It can be hard to get a diagnosis of lupus.
I had never even heard of the condition before and didn’t realise the severity of it or that there was no cure.
The symptoms began when I was living in Australia. I’d started losing my hair thick and fast. I had this giant ulcer covering the entire roof of my mouth – I actually thought I must have burnt it. Then there was the rash. I had been out for a nice coastal walk in the sunshine and that evening noticed an annoying, itchy bright red rash on my face, chest and shoulders. The rash was what made me go to the doctor. He had no idea what it could be so he referred me to a dermatologist. They took a biopsy and asked how I felt in general, and honestly I was really exhausted all of the time. I always felt ‘not quite right’, a bit under the weather. The corners of my mouth were split which I just thought was caused by being run down, stressed from working a full time job as well as having a young baby. My knees, hands, elbows and shoulders were really achy; I’m talking joints of an 87 year old not 27! But I never thought these symptoms would be something serious.
The dermatologist referred me to a rheumatologist and started me on a low dose of prednisone. I left that appointment with zero information on lupus apart from that it was an autoimmune disease. So off I went and immediately started googling, as you do! Well, I wish I hadn’t. All of a sudden the screen is a blur to me with just the words ‘chemotherapy’ and ‘kidney failure’ jumping out to me. Hold on, I thought – what is this disease?!
The rheumatologist was not disappointing. This lady spent three hours with me and my husband Jack, explaining every little detail of every single bit of this illness. But I still didn’t understand just how quickly it would make me very unwell.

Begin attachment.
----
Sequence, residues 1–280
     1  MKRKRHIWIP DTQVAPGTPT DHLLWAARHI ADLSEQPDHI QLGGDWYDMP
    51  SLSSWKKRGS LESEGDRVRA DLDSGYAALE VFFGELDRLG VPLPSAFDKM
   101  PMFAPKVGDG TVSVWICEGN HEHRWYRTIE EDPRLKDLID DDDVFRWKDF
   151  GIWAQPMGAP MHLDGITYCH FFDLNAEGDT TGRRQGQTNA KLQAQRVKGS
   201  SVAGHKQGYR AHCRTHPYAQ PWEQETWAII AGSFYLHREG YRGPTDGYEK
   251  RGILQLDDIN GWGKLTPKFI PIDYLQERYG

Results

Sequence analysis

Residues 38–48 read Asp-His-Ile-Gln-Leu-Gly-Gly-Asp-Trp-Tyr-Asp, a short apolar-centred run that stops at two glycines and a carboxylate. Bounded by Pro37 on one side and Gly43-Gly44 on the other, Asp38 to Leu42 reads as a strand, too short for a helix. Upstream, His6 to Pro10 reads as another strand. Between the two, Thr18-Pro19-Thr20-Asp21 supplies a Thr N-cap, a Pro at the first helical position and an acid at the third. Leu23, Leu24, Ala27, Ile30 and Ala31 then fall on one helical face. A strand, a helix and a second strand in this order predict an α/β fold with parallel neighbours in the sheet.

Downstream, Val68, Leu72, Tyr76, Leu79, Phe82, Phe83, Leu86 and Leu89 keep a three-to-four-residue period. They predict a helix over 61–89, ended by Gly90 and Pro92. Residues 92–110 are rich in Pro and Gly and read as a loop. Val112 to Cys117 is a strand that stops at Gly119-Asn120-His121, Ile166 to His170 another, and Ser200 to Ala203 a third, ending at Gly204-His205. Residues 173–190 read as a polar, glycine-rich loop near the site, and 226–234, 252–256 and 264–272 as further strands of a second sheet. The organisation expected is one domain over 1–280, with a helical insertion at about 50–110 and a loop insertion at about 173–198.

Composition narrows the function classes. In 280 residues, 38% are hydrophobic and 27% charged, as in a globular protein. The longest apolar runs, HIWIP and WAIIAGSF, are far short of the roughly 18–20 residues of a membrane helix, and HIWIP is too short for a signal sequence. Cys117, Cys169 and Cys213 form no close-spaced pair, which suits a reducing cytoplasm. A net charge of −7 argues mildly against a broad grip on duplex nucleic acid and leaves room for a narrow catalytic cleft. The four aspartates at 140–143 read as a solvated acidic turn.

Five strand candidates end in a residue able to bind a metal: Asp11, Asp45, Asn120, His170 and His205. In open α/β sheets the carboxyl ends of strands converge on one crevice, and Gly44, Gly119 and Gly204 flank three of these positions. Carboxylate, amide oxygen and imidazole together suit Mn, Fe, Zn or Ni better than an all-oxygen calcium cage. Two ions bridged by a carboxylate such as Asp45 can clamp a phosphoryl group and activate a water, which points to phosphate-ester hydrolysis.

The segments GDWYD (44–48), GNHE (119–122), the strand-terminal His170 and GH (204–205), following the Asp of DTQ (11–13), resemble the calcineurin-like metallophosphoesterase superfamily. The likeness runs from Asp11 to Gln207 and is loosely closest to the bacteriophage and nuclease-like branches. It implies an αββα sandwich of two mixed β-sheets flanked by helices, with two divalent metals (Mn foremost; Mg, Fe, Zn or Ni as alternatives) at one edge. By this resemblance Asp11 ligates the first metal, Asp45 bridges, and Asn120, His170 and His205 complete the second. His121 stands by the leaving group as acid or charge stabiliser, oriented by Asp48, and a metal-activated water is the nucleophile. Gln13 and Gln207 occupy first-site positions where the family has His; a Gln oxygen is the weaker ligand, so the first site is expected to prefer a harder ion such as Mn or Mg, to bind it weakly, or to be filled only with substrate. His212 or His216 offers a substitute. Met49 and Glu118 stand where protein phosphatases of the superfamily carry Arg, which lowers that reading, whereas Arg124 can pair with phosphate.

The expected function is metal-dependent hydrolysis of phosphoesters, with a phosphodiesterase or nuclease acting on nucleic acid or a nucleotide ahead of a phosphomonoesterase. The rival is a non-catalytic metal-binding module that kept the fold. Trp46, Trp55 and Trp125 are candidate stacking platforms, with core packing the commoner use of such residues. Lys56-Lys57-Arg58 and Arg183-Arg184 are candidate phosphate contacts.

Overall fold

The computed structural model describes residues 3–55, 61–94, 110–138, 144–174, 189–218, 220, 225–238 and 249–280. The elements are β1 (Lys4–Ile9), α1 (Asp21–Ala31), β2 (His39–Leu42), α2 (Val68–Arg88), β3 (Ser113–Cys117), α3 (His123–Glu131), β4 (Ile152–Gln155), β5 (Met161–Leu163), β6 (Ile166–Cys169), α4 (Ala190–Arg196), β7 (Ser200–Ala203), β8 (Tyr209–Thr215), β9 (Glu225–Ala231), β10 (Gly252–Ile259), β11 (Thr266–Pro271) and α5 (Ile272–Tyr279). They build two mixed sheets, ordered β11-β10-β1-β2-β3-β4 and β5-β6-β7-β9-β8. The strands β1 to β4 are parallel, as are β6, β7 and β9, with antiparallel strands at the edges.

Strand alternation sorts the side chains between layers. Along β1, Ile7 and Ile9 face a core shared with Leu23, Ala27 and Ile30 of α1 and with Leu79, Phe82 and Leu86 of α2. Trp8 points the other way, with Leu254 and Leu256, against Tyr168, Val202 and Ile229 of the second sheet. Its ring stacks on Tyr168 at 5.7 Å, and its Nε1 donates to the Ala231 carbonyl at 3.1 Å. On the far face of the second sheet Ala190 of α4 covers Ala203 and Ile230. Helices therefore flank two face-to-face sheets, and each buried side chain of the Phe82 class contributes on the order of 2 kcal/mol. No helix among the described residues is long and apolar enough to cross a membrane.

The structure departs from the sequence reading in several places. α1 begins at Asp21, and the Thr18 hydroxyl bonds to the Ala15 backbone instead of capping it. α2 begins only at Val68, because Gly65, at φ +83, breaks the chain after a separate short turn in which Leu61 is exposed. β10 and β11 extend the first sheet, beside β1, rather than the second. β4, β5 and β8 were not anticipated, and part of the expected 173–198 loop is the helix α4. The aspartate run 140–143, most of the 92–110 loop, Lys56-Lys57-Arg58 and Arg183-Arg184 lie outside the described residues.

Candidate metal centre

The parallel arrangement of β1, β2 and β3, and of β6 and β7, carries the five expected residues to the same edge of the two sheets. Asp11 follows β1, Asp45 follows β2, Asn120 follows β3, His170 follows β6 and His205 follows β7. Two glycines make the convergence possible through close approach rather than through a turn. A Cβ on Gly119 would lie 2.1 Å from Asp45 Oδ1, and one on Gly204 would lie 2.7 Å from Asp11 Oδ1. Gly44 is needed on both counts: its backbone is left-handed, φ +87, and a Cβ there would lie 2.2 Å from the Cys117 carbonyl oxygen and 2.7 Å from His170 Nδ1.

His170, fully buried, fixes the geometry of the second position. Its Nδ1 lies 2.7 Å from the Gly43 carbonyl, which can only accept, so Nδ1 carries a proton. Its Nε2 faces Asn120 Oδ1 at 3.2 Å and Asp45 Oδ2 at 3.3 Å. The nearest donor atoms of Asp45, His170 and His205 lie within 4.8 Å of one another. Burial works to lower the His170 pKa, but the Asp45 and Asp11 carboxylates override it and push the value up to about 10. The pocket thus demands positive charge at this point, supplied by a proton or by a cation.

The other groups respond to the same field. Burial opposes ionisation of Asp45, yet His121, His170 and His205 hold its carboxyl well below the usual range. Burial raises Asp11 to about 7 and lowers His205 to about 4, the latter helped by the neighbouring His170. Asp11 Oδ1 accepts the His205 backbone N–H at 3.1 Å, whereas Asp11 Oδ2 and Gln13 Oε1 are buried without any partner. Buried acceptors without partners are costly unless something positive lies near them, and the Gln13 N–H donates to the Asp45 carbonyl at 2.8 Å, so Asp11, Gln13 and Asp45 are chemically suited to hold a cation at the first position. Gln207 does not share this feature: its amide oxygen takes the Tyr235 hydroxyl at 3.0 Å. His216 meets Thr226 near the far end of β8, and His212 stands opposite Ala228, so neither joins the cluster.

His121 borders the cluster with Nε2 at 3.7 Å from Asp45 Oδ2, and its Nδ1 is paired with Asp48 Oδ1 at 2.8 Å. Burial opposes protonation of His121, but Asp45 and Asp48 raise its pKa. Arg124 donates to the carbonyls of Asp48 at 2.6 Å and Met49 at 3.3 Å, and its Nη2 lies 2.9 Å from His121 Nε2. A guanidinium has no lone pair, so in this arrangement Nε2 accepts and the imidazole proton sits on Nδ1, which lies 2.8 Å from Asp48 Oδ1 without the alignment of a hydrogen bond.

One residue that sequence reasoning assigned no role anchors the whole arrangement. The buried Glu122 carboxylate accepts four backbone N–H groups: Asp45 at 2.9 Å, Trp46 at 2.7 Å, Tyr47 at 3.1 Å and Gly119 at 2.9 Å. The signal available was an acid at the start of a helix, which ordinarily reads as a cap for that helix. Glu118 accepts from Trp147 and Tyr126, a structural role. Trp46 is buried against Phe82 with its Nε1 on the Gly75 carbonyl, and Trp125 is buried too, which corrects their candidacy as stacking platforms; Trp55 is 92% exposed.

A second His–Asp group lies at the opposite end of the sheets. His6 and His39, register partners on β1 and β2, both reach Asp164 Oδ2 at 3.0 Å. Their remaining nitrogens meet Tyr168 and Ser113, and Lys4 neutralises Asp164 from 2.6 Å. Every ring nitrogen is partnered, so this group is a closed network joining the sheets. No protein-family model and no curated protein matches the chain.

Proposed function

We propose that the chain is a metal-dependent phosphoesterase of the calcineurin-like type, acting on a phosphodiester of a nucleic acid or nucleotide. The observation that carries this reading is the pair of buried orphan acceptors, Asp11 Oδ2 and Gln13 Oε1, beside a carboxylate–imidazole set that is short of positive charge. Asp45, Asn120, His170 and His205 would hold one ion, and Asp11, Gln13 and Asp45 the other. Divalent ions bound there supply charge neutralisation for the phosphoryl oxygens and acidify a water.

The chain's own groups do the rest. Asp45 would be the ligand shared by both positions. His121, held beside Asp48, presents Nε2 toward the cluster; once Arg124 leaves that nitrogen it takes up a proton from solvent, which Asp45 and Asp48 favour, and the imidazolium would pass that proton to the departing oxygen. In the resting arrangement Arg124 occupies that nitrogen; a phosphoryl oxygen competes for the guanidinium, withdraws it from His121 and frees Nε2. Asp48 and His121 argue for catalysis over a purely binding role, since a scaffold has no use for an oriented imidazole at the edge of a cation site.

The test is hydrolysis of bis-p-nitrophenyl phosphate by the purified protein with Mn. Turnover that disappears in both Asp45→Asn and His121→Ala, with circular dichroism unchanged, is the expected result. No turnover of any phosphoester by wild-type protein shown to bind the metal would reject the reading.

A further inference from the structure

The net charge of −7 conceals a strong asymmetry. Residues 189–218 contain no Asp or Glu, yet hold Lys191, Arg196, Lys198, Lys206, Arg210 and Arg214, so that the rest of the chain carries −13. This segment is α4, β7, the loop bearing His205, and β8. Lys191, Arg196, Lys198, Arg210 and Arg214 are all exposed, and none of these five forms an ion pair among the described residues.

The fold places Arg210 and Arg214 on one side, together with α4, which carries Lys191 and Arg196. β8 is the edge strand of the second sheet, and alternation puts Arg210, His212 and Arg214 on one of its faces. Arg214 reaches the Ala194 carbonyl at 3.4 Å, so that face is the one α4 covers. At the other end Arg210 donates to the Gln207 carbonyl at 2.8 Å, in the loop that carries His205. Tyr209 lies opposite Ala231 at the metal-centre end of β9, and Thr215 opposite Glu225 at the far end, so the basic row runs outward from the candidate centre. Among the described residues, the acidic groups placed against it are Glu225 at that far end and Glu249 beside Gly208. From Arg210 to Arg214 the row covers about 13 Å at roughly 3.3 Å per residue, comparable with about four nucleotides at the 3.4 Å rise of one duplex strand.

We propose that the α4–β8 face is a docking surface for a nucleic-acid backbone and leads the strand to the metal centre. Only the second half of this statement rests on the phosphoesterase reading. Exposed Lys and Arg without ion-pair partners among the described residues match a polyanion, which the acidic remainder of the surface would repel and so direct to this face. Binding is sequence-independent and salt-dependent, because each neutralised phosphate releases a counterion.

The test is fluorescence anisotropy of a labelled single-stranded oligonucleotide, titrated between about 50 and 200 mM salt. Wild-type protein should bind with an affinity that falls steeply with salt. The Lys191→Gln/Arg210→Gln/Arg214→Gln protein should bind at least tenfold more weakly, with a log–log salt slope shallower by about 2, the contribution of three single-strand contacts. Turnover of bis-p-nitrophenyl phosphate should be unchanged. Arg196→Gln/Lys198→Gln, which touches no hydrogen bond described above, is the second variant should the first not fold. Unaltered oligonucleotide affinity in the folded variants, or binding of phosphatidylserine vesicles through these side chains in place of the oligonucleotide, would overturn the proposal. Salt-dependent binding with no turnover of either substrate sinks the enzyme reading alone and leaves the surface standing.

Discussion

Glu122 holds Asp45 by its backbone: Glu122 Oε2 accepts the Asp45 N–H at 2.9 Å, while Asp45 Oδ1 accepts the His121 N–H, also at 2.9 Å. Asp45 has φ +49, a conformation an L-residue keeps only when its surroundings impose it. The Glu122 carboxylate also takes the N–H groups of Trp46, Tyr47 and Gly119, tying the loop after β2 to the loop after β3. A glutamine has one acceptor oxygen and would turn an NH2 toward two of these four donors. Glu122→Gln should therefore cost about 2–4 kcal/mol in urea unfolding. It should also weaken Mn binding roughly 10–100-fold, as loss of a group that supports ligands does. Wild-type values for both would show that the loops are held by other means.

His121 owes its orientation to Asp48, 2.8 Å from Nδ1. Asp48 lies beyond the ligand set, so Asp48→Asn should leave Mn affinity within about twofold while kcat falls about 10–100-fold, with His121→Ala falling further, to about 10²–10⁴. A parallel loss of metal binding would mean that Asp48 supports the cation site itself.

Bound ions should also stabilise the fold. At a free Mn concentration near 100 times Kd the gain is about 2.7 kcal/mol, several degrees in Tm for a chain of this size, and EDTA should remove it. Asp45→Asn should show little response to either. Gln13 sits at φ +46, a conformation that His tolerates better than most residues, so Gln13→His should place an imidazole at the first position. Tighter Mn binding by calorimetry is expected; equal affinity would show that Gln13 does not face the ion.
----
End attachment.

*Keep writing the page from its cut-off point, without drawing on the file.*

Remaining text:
Back to the UK
April 2016. My first lupus flare. The weight was dropping off me, my skin was awful, and I had this tight, red, burning painful rash. I couldn’t move because my body hurt so much, my mouth was covered in ulcers, and I had a giant bald patch at the back of my head. The rash was so terrible on my chest I had lots of open sores and couldn’t move. I was then admitted to hospital for seven days; that’s when I learnt that nobody seemed to understand lupus! I was started on a high dose of steroids which after seven days laid-up in hospital made me feel on top of the world. I had all this energy and the rash had cleared up. I felt great! That was until I had to wean myself off the steroids. Exactly six weeks later, the rash returned; but this time it meant business. Pretty much my entire face and chest were covered and I could not move. I felt depressed. The depression was hard for me. I have a beautiful family and wonderful friends yet I didn’t want to exist anymore. I didn’t deserve to be here and I felt as if I couldn’t go on. I would cry all day every day and not leave my house. I was admitted back to hospital. Pumped with steroids again and repeat.
This was pretty much my life until January 2017 when I met my new rheumatologist at the lupus ward at Guy’s and St Thomas’ hospital in London. He was amazing! He knew exactly what treatment to put me on and at what dosages. This is another thing that’s complicated with lupus as nobody’s symptoms are the same and the medications are also different for each person.
After what has been the most awful year of my life my levels are normal and I finally feel better. I can now say I am starting to feel like my old self again. Yes, I take a lot of medication, but my hair has grown back, my rash is all cleared up and I am mobile. With the right treatment and sunscreen I can be out and about in the sun and not end up in pain or in hospital. The fatigue is still there, but it’s nowhere near as bad as it was. I feel happy again and I am looking forward to my future. Am I still worried about what this disease could do to me? Of course I am! But I am not going to live my life in fear of my illness.
I own lupus. Lupus does not own me.
Lauren is 28, mother to Olivia and married to Jack. She lived in Australia for six years and is now back in the UK. She enjoys writing and has recently started a blog about her life with lupus and a toddler.